I was originally planning to do a whole week of this stuff, because God knows there are enough figures in this tote to sustain it, and then some. But with my acquisitions pile continuing to grow, I thought I’d confine this detour to just a weekend and come back to more later on. So, I randomly picked out something from each of the three major offenders companies putting these things out. Rendition? Check! Skybolt?Check! Moore Collectibles? Check!

Stay tuned… I’ll be back later to kick this thing off with a look at everybody’s favorite Princess of Hell… Sinthia.

Um, who???

Teenage Mutant Ninja Turtles: Michelangelo (Nickelodeon) by Playmates

Ok-dokey, folks, it’s the last day of my look at the new Nick TV styled Turtles, and I’ve saved the runt of the litter for last. It’s Michelangelo!!!

I was about to say this is the last time we’ll see this packaging, but who am I kidding? I’ll be picking up more of these figures in the future. Suffice it to say, the packaging is awesome and brimming with personality. The bubble insert declares Micky as the “Jokester & Hard-Hitting Nunchuck Hero.” Indeed he is. The back of the card has a nice File Card that you can clip out and save with a terribly goofy shot of Mickey as he appears in the new Nick show. Once again, the bottom of the card has pictures of the rest of the figures that are currently available in the line.

The first thing I noticed when getting Micky out of the package is he’s actually notably shorter than the other figure, which just continues the cool trend of Playmates making each figure so unique. The back of his belt has two loops to store his nunchucks, but we’ll get to more on that in a minute. He has the same basic style of arms and legs, complete with the nicely detailed hand and foot wraps and the cool leathery texture to the skin. His shell has some distinctive scrapes and nicks, although he looks to be slightly less battle scarred than some of the others. I like Mikey’s head sculpt a lot. Beyond the fact that Playmates didn’t go all goofy on us like his screen counterpart, he still has a lighthearted, toothy smirk and just looks very much appropriate to the character as I remember him.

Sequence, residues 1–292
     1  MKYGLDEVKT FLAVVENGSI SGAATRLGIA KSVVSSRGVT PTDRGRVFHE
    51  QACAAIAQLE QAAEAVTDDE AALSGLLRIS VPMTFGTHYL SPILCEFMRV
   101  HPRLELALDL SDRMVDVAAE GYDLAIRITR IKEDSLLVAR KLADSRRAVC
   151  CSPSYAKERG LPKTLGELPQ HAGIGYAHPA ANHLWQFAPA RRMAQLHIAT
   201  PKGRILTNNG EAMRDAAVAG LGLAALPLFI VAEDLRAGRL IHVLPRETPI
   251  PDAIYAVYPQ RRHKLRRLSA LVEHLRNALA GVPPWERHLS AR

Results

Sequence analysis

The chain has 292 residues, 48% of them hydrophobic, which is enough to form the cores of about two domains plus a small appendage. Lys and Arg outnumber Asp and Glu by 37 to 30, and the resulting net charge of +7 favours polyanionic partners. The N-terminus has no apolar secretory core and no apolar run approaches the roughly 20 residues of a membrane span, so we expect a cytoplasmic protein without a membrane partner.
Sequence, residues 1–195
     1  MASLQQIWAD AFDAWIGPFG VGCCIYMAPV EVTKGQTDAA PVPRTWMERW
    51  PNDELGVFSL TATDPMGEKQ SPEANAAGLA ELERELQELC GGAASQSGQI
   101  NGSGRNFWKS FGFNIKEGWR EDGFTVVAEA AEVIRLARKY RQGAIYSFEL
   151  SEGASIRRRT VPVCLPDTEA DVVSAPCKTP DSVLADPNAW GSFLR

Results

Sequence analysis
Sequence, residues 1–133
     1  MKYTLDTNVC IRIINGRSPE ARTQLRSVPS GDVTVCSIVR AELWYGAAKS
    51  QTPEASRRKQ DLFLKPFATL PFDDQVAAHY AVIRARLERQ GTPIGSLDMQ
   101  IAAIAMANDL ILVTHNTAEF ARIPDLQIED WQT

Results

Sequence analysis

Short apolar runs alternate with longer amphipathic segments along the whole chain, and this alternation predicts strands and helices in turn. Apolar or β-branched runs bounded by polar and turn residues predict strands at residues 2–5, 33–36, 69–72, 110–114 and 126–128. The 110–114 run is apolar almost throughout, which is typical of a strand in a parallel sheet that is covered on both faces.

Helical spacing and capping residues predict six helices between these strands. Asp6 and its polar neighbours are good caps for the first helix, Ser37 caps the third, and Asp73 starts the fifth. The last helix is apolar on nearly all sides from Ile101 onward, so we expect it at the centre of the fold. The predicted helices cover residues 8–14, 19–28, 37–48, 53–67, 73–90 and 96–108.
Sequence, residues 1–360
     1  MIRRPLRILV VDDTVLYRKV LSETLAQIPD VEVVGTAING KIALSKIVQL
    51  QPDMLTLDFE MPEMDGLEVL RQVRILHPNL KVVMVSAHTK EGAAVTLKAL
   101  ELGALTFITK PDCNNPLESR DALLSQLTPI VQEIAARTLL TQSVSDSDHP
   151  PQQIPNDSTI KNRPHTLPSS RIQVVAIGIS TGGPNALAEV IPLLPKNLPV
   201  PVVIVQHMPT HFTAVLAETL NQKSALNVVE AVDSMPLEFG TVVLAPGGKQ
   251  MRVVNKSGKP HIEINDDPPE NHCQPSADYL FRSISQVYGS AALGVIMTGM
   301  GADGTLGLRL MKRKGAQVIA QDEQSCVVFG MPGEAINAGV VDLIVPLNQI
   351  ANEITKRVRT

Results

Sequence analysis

As with the other Turtles, Mikey’s coloring comes more from the plastic than paint apps. The paintwork that is here is very good. I’m not a big fan of the coloring Playmates used on his skin. It’s kind of a puke, pea-soup green and it looks slightly jarring when posed with the other turtles.

Mikey comes with his nunchucks, and here’s where my first big complaint about any of these figures comes into play. The chucks are each molded in one piece of plastic, one with them close together and the other with them a little bit apart. If you flex the molded chain on either in the slightest, you get nasty stress marks that look like they’re going to break apart any second. Unfortunately, to store them right, you need to squeeze them together and tuck them into the loops on the belt. The alternative is to just stick one end of each into each loop. It works, but it looks terrible. I wish Playmates had taken a page from Bandai’s book and given us an extra set of closed chucks on the sprue tree. Yes, Mikey comes with a nice assortment of gear in his Ninja Arsenal, just like the other figures.

And that wraps up my look at the Nickelodeon turtles. Hopefully I’ve properly conveyed just how awesome these figures are. In fact, they’re so well done, I think I actually dig them a bit more than the Classics, and that’s saying quite a bit. If nothing else, this line (as well as the Classics figures) proves that even a company with a track record as spotty as Playmates can go above and beyond and it’s particularly gratifying to see them do it with one of their oldest and greatest licenses. While it’s always tricky to compare different figure lines, I think you’d be hard pressed to find a better made set of figures hanging on the pegs at this price point. What’s even cooler is that Playmates is trying to give the whole vehicle and playset thing a go, and I hope it works for them. I’ll definitely be picking up more of these figures, and some of the vehicles. I’m still on the fence over the mammoth sewer playset. I want to support their decision to release it by buying the thing, but I seriously have absolutely nowhere to put something that big, and it doesn’t look like something that would go back into the box all that easily. We’ll see…